Spainsfield Farm set to go on display at Beamish Museum

Brick by brick, this traditional hill farm will be transported 25 miles to Beamish Museum where it will go on display to visitors

Alan Jopling, with his father Albert, at the remote farmhouse at Spainsfield near Stanhope
Alan Jopling, with his father Albert, at the remote farmhouse at Spainsfield near Stanhope

Every timber beam, flagstone and nail of Spainsfield Farm at Eastgate in Weardale, County Durham, will be uprooted and trundled painstakingly along the valley to a new rural setting.

Some books, a pair of old leather boots and even a swathe of 1960s lino will make the journey too.

After centuries sitting proud and imposing on a remote hillside, the Jopling family have gifted the building to the museum, and hope that it will give people a true reflection of farming life.

Alan Jopling, 56, said: “They have a farmhouse at Beamish that people look around and they’ll think all farms have these huge houses, but ours is a typical County Durham farm. A little, small house with some byres, not like the big Northumberland ones.

“It was subsistence living up there. There was no running water or electricity. There’s no road and they would have had to have carried water in from a spring.”

Parts of Spainsfield Farm date from the 1700s, with additions made in the 19th and 20th centuries. The Raine family, who still live and work in the valley, owned it for generations before selling the land to Alan’s father Albert Jopling, 83, in the 1970s.

Despite there being no road, it was still lived in sporadically by members of the Raine family up until the late 1960s and particularly at times when bad weather prevented them getting down to the main farmhouse.

John Castling, who is part of Beamish’s Future Leaders Programme, funded by the Arts Council, is part of the team recording the 18th-century farm in its current location before it is moved. Durham University’s geospatial research team are also helping to generate accurate 3D images using laser beams to measure each part of the building.

Mr Castling said: “It’s not on a main road, it’s not even on a minor road, it’s 150 yards down a grassy bank,

“That will be a challenge for us to work out how to get the material back up the bank and off to the Beamish site.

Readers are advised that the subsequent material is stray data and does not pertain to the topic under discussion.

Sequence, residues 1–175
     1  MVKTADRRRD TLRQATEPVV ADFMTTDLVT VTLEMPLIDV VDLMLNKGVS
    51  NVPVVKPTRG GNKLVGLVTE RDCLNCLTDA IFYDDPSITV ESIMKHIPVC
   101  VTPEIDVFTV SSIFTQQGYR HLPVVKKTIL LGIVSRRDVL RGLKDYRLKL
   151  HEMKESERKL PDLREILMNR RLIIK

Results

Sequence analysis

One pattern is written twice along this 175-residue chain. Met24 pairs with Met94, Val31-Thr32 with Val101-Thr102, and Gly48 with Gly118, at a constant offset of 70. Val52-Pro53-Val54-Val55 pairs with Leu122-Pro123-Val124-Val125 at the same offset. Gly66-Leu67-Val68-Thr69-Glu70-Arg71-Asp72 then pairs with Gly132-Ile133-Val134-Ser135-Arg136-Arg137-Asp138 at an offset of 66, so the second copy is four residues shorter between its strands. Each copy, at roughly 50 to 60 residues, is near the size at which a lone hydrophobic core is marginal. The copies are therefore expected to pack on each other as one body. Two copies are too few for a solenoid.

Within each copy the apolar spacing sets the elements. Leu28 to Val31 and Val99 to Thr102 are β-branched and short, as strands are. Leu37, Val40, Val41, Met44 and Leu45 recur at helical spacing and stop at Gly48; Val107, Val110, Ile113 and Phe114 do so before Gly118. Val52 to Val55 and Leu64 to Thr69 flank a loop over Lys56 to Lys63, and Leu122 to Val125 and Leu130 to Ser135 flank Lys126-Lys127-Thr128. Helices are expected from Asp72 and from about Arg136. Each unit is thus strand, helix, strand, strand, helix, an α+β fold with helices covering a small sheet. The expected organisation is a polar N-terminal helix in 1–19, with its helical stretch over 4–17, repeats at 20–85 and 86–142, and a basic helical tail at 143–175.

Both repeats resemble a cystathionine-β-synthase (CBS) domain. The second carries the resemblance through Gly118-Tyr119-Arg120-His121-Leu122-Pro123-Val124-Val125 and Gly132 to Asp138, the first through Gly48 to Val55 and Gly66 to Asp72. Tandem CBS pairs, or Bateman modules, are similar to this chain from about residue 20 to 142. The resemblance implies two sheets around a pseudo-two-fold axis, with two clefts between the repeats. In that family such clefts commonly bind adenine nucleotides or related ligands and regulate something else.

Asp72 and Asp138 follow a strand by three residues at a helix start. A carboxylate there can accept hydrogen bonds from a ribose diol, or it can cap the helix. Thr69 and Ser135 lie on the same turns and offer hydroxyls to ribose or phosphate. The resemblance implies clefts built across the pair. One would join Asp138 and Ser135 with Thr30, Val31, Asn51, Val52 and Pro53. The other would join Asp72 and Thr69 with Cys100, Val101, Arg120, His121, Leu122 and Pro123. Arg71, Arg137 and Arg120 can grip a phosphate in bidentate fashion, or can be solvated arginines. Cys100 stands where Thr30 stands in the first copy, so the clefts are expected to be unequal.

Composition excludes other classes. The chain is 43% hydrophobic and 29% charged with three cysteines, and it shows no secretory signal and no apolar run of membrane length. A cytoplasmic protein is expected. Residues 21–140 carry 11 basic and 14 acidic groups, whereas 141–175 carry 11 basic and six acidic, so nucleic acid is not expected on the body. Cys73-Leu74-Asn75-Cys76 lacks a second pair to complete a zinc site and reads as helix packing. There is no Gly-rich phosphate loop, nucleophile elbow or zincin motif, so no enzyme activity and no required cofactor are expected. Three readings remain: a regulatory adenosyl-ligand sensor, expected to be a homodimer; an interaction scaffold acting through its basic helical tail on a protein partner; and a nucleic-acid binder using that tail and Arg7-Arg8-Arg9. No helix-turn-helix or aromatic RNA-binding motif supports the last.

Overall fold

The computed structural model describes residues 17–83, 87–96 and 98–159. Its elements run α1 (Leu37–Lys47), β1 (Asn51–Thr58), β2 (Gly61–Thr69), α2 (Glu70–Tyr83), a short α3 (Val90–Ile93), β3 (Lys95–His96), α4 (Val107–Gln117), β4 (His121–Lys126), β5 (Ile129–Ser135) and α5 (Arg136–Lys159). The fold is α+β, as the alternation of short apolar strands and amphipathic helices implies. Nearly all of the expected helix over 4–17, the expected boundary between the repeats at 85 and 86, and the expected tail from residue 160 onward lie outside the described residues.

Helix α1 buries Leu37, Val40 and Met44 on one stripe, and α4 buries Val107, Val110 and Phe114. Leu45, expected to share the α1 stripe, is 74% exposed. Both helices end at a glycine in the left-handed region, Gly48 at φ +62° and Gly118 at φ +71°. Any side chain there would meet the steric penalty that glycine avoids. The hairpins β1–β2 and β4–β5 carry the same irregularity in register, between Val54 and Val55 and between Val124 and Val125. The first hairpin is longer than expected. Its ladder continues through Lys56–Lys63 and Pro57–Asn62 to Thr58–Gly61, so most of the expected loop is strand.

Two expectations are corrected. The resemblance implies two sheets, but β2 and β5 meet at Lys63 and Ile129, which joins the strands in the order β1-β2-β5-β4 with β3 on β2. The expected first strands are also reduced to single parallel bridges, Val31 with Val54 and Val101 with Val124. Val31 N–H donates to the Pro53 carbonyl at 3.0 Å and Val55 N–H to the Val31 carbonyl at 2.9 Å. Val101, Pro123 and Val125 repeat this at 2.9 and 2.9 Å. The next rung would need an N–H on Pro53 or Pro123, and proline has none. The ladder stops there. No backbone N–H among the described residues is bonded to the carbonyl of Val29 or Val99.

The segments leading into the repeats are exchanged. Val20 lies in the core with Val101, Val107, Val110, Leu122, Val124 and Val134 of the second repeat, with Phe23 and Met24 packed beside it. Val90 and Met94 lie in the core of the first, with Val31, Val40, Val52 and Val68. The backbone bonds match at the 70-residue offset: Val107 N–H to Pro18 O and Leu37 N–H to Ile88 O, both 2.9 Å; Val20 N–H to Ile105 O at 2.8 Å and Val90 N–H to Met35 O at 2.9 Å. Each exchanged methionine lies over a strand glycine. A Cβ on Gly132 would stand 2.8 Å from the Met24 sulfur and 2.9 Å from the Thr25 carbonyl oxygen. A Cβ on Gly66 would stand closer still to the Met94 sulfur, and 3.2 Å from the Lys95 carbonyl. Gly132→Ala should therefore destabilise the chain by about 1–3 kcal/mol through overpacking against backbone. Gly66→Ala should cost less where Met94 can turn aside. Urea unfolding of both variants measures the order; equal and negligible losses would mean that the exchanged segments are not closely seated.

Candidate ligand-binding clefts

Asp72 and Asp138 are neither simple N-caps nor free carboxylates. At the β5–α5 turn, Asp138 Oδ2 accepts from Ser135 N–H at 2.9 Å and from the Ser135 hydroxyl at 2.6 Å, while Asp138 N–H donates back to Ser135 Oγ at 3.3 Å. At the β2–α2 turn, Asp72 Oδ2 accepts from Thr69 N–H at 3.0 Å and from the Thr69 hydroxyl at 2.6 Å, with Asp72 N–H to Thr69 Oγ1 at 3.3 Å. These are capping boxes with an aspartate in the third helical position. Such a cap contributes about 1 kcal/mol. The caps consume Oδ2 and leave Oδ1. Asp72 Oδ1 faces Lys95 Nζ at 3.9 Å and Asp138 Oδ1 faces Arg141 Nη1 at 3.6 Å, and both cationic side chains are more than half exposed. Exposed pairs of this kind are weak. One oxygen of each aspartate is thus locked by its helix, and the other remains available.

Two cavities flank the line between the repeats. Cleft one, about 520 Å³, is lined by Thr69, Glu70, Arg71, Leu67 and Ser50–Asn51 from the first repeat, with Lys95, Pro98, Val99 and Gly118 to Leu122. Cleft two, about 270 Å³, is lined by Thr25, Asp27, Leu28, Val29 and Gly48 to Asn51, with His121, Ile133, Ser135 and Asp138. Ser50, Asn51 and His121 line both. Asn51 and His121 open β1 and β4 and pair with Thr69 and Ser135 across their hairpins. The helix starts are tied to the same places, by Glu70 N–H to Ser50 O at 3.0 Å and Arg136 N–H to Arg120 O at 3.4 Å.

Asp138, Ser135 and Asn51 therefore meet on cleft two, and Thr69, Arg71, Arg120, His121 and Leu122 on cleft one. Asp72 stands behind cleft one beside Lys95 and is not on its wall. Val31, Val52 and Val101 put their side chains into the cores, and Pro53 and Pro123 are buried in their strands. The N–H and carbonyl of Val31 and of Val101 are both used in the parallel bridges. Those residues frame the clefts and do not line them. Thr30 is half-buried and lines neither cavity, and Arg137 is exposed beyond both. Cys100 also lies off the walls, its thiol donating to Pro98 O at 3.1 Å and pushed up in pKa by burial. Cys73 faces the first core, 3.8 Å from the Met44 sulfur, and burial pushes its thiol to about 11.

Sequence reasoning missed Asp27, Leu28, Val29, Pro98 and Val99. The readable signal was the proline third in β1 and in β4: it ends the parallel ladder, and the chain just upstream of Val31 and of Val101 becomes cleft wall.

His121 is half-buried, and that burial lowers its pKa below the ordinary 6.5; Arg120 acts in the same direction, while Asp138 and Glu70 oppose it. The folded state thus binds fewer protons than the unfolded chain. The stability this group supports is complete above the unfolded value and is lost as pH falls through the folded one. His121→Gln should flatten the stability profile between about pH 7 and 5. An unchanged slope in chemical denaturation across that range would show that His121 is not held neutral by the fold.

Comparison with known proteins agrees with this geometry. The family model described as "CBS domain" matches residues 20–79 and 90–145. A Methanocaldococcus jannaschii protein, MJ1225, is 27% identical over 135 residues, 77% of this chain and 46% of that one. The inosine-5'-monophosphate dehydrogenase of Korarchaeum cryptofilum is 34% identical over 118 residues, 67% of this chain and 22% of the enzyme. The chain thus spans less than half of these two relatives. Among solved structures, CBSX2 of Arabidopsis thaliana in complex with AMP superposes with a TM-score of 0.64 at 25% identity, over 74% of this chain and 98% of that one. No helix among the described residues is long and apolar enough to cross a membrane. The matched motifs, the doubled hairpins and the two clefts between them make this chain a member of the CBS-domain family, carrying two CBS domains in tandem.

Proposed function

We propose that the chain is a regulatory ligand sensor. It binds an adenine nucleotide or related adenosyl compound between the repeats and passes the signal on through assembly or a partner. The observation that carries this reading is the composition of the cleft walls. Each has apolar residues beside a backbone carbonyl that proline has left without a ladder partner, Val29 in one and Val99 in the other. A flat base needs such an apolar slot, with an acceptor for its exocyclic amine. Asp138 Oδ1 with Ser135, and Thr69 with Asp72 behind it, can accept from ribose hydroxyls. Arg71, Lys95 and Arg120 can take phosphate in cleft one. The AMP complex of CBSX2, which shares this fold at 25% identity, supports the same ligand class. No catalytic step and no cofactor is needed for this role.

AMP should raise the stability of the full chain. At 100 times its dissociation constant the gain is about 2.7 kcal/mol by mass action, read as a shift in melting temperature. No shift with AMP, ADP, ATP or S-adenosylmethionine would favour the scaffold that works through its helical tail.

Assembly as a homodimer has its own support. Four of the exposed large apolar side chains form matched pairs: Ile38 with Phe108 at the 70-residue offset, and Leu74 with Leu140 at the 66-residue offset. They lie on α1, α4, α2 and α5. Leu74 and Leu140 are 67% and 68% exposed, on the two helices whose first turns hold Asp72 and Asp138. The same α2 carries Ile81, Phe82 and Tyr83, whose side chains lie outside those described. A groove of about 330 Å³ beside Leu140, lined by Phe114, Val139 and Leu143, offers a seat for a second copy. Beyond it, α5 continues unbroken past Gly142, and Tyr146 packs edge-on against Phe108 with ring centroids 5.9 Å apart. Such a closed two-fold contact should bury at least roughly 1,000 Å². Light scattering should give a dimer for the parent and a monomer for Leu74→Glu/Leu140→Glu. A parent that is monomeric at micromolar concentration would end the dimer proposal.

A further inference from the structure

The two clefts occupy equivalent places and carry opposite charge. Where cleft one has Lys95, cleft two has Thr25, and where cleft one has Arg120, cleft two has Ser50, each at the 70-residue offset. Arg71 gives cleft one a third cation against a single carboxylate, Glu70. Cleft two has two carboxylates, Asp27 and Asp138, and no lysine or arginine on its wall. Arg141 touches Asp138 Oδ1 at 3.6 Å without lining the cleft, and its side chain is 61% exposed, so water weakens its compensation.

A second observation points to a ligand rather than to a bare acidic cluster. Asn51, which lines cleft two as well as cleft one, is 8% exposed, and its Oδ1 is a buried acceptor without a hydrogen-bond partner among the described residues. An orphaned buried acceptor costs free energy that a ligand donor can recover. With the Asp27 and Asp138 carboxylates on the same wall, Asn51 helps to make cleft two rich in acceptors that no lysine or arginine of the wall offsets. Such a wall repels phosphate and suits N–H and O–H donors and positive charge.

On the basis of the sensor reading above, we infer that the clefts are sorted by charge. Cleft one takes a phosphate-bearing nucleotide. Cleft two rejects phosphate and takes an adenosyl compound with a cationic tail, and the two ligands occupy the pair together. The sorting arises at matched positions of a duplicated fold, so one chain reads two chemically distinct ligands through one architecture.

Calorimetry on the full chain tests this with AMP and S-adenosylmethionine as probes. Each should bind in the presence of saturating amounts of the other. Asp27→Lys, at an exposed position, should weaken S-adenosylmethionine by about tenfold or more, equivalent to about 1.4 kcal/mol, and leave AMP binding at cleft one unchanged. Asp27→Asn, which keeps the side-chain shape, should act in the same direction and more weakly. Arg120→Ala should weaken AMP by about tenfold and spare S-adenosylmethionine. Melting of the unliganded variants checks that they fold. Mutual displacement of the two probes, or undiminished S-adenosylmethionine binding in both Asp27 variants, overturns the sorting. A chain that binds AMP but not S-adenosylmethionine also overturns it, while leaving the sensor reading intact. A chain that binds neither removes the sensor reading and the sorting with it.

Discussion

“Once there it’s got to be put on a south facing hill.

“It will be used as a 1950s farm to display that period of North East farming. It’s an interesting cross of the post-war farming world with very 19th-century ways of living.”

A land agent told Beamish Museum staff about Spainsfield after he heard the organisation was looking for a hill farm, and Albert and Alan Jopling were happy to hand over the building, which has been derelict for 40 years.

Alan, of Low Green Head, Stanhope, who is married to Coral and has three sons, said: “It wasn’t being used and it was just going to fall down.

“The Raines were living in it in the 1960s though. They would go and stop up there if they had livestock.”

Once everything is recorded, work to dismantle the building will begin in 2014.

Mr Castling said: “The Joplings think we are crackers because it’s falling down, but they are very supportive.”

The impressive plan is the latest in a line of heritage projects undertaken by Beamish which involve moving entire buildings.

Last year, a block of four Airey houses from Coltspool, in Kibblesworth, Gateshead, was deconstructed, loaded on to pallets and transported to Beamish.

The prefabs will be carefully stored until work begins on the museum’s new 1950s area, which is also where the Weardale hill farm will be placed.

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